adopted a whole of chain approach to food safety regulation. This has resulted in the development and introduction of national primary production and processing
These guidelines should be used in conjunction with other documents relevant to the industry. In particular Codex Alimentarius documents outlining Good Agricultural Practices (GAP’s), Good
The Australian almond industry has increasingly recognised the importance of applying food safety management systems to the growing, harvesting and processing stages of almond production. Individual growers and processors have implemented quality assurance programs accordingly in an effort to address any potential food safety hazards. This approach has resulted in a variety of quality assurance programs being implemented throughout all stages of almond production. significant contamination events originating from the almond industry of California caused the Australian industry to review its perception of the microbiological safety of almonds. In 2001 Salmonella Enteritidis PT30 was the cause of a food borne outbreak affecting 168 people in However two
standards for high risk food commodities. The almond industry is not currently regulated by specific commodity standards. By setting its own guidelines the almond industry
Hygienic Practices (GHP’s)
Good Manufacturing Practices (GMP’s)
and codes of practice specific to tree nuts should be consulted. The processing and retail sector of the industry must also comply with the food safety requirements of the Australia New Zealand Food Standards Code. The Almond Board of Australia would like to thank Elizabeth Frankish of Silliker Microserve (Silliker Microtech Pty Ltd) for the preparation of this document. Many other people have provided assistance in the preparation of the document over a considerable period of time. The following are particularly acknowledged for their valuable contribution: Chris Bennett, ABA Graham McAlpine, McAlpine Management Services Paul Martin, Jubilee Almonds Andrew Giles, Laragon Frank Condo, Swan Produce Faye Sharp, Almondco Corrina Steeb, Nut Producers Aust Alex Harrison, Select Harvests Michael Clements, Clemco Annmarie Barone, Nut Producers Australia Leroy Sims, Simarloo Aust Tony Costa, Costa Produce John Bird, Select Harvests Brenton Woolston, Almondco Wayne Francis, Laragon Alison Smith, Riverland Almonds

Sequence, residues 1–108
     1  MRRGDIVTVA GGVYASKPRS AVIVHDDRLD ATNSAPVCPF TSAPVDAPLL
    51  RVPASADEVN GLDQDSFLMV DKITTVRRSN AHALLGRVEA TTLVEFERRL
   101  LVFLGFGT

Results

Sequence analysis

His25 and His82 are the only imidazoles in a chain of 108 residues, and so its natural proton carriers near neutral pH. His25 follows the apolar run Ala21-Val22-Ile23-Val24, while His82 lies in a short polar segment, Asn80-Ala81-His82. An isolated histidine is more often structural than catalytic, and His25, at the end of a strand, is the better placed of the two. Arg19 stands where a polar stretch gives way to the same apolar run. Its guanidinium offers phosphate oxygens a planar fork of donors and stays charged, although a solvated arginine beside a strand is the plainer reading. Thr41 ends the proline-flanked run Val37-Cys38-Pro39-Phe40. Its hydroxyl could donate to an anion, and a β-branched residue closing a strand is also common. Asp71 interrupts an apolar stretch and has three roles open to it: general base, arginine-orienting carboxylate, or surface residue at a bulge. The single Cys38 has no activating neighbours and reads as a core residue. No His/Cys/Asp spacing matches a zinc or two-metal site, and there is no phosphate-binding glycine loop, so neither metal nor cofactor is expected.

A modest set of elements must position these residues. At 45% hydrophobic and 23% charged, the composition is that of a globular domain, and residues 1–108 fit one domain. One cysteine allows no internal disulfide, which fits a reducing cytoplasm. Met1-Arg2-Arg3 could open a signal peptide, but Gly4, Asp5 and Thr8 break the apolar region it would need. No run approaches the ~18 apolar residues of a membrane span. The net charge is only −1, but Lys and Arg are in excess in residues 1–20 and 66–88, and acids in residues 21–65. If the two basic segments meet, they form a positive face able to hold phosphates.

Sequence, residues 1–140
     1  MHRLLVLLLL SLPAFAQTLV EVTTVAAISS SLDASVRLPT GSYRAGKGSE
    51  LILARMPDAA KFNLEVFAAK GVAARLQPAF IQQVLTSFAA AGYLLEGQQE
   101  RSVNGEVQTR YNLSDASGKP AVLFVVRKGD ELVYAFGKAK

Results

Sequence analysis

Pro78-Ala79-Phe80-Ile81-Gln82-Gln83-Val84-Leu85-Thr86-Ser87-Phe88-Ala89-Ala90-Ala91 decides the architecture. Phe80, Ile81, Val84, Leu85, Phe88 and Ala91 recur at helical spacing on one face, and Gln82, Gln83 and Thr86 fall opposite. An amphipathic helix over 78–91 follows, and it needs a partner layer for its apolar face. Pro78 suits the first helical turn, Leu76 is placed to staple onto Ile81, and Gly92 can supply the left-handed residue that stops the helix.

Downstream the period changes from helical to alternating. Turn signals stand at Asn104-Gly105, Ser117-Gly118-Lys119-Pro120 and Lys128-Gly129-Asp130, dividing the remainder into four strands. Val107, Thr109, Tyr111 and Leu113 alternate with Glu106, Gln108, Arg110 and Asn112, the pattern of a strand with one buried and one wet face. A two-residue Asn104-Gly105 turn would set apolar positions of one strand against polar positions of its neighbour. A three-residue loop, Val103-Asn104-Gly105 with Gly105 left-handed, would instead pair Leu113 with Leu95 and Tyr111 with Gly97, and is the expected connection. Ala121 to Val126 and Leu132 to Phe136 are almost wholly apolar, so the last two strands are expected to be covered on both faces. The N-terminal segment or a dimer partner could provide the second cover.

provides the framework for a practical approach to managing food safety risks. This should result in minimising future regulatory burden as the industry will be seen as taking the initiative and responsibility to control public health and safety with respect to consumption of almonds and almond products. These Guidelines have been developed as a result of the Almond Board of Australia co -ordinating a whole of chain approach in identifying and monitoring outcomes of food safety controls in the industry. They are intended for use through the growing, hulling and shelling, and processing and marketing of Australian almonds. Chemical and physical risks are mentioned throughout the document, but the main focus of these Guidelines is the microbiological risks. Each individual business must identify hazards specific to its operation. This document is designed to provide advice on key areas of food safety control with practical guidance on how to minimise contamination, investigate food safety risks and monitor the controls in place. Purpose of the Document: potential hazards, assessing the risks, applying controls
Canada. Again in 2004, around twenty nine people in the United States were infected with Salmonella Enteritidis from almonds. Whilst the origin of the
The Guidelines should be used by all those involved in and responsible for food safety management in the almond industry, including facilitators, auditors and food safety and quality assurance consultants.
Salmonella is unknown these events highlighted the need for increased knowledge of the food safety hazards associated with almond production and appropriate management of the risks. The industry recognised that in order to maintain its history of safety and the concomitant reputation it must take a whole of chain approach to managing food safety. Failure to control the risks in one sector would impact on the viability of the whole almond industry. In addition maintaining and enhancing its good reputation is imperative to assisting growth in the industry and food safety must be at the core of that growth.
Peter Bartlett, Almondco Deanna Hutchins, Laragon Julie Haslett, ABA